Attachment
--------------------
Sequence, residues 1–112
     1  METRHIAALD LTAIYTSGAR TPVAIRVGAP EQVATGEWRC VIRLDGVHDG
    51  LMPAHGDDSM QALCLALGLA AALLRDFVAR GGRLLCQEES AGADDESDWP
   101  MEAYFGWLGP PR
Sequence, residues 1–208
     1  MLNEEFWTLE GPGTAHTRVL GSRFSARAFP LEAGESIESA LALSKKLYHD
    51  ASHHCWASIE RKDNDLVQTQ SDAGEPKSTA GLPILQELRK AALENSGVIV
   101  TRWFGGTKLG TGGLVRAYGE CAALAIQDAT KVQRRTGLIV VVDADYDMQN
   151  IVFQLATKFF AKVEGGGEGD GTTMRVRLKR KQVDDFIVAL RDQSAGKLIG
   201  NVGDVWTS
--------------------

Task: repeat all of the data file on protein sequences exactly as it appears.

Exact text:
Sequence, residues 1–112
     1  METRHIAALD LTAIYTSGAR TPVAIRVGAP EQVATGEWRC VIRLDGVHDG
    51  LMPAHGDDSM QALCLALGLA AALLRDFVAR GGRLLCQEES AGADDESDWP
   101  MEAYFGWLGP PR
Sequence, residues 1–208
     1  MLNEEFWTLE GPGTAHTRVL GSRFSARAFP LEAGESIESA LALSKKLYHD
    51  ASHHCWASIE RKDNDLVQTQ SDAGEPKSTA GLPILQELRK AALENSGVIV
   101  TRWFGGTKLG TGGLVRAYGE CAALAIQDAT KVQRRTGLIV VVDADYDMQN
   151  IVFQLATKFF AKVEGGGEGD GTTMRVRLKR KQVDDFIVAL RDQSAGKLIG
   201  NVGDVWTS